At our great campsite at Fort DeSoto Park (Pinellas County), we had a tree growing on one side that I'd never seen. It only took me a short time to be informed that it's called a Sea Grape. The tree has enormous leaves that, apparently, were used as plates by the native people who lived here before the Europeans arrived. Indeed, the leaves are that large.
But the strangest thing about the tree that we noticed after a few days was that it created new blossoms every morning. The new blossoms were bright yellow. However, by the end of the afternoon those yellow blossoms had turned from bright yellow to dark red. And on the subsequent morning almost all of those red blossoms had been shed and new yellow ones had replaced them. On and on.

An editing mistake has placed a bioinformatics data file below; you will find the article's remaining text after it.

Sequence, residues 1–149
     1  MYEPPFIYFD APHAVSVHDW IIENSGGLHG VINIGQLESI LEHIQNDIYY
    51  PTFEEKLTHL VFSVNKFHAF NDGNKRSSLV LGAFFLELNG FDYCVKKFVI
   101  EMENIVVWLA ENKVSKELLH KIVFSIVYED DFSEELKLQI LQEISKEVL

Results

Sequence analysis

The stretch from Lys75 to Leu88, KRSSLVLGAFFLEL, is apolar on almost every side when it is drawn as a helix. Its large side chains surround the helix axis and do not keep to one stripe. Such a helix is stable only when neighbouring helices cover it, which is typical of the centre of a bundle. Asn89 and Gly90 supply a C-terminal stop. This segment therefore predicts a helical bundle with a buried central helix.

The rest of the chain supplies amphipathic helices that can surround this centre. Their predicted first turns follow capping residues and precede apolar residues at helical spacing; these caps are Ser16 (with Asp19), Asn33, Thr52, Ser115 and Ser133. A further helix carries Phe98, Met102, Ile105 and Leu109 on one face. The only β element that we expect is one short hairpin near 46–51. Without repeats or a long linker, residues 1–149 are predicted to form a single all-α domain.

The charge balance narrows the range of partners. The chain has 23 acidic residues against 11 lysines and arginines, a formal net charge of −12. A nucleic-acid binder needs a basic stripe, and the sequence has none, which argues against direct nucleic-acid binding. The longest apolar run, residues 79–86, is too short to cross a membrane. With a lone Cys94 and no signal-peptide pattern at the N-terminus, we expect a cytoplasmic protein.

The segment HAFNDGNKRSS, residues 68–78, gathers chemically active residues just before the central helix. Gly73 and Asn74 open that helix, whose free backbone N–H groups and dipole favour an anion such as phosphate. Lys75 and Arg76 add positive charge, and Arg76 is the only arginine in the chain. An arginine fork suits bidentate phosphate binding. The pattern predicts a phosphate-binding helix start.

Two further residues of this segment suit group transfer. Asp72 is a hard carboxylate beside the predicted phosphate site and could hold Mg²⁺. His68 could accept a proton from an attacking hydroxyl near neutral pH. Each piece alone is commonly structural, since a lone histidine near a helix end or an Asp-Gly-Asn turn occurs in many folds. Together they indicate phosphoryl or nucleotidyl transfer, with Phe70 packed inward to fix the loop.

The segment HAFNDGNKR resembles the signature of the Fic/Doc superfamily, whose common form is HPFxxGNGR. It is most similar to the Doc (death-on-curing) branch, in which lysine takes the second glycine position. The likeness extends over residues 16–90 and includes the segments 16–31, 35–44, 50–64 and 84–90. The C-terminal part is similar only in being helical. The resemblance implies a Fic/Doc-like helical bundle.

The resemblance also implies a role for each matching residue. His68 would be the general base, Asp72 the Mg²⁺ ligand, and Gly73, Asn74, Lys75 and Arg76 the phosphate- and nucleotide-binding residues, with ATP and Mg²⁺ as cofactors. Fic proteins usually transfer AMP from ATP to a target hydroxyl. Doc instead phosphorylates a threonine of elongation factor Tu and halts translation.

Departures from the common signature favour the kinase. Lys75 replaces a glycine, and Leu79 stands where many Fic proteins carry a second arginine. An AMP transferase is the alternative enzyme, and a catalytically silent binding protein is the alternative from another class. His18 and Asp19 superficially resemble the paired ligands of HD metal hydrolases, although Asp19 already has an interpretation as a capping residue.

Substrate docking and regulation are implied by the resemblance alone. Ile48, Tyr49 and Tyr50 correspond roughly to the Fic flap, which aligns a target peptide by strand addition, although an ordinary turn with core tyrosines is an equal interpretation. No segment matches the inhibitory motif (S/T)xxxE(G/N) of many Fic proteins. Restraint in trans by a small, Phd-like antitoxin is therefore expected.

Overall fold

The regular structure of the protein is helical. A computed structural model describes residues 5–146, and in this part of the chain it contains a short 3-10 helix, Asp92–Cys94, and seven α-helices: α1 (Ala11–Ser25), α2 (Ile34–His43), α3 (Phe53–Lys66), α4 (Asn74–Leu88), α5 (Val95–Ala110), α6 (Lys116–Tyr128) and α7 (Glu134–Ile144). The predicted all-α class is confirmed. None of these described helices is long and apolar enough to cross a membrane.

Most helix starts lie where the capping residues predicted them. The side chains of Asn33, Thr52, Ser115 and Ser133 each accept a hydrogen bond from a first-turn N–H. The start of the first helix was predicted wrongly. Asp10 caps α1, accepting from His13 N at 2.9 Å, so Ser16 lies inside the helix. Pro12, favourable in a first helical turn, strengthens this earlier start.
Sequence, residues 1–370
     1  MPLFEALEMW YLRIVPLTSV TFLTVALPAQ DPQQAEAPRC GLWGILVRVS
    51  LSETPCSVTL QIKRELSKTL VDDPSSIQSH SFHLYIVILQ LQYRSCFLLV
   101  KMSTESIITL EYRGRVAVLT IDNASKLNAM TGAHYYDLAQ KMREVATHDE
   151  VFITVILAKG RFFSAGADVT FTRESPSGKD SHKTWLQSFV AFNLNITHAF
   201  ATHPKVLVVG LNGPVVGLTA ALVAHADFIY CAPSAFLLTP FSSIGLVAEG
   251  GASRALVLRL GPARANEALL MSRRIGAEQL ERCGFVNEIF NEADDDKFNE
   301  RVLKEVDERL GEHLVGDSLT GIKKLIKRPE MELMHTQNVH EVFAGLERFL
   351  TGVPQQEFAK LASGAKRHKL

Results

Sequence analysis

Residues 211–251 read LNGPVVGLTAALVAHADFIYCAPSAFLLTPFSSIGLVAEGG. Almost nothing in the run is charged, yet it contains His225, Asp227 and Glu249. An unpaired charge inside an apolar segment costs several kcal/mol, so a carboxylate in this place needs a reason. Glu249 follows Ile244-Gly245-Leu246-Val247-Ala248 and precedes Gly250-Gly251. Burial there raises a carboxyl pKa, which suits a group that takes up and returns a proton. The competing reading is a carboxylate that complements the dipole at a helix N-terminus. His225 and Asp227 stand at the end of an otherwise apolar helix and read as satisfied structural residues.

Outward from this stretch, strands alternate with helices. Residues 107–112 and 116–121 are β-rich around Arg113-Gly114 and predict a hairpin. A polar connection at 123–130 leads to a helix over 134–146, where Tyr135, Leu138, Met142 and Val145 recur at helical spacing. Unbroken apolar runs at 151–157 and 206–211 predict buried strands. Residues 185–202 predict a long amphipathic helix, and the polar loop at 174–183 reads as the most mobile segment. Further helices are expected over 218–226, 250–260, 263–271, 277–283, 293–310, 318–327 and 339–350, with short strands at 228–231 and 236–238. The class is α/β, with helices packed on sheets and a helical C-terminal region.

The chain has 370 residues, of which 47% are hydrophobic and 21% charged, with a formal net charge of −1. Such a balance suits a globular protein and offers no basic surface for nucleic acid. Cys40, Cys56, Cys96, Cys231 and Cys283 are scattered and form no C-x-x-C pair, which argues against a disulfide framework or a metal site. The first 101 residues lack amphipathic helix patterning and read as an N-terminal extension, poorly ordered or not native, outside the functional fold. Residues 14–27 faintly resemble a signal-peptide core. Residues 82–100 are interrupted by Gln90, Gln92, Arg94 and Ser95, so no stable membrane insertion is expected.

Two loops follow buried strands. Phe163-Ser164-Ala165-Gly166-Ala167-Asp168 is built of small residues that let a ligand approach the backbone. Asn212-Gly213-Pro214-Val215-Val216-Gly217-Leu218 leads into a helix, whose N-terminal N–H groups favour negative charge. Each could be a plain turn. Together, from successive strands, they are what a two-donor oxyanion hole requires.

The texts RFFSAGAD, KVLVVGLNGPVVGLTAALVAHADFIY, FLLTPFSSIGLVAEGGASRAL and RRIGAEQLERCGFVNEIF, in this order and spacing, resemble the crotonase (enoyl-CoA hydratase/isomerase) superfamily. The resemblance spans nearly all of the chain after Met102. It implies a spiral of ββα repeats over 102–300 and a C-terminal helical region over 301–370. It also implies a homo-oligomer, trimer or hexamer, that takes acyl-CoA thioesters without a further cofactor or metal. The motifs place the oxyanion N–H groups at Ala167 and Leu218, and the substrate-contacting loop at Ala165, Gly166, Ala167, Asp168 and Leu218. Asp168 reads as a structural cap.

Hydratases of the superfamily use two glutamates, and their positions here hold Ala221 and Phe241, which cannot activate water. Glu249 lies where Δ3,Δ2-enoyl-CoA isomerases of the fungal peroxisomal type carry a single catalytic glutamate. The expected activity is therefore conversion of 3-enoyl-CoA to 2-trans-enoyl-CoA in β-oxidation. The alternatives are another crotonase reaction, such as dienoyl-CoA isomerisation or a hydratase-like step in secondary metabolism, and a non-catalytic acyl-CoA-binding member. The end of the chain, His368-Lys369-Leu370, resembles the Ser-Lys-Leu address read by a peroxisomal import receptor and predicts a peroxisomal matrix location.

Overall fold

The local squirrels would climb the sea grape, manage their ways to the ends of the limber branches, and consume the small nubs of fruit that grow there. It was not unusual to see the squirrels with their faces messy with the greenish remains of the sea grape's fruit.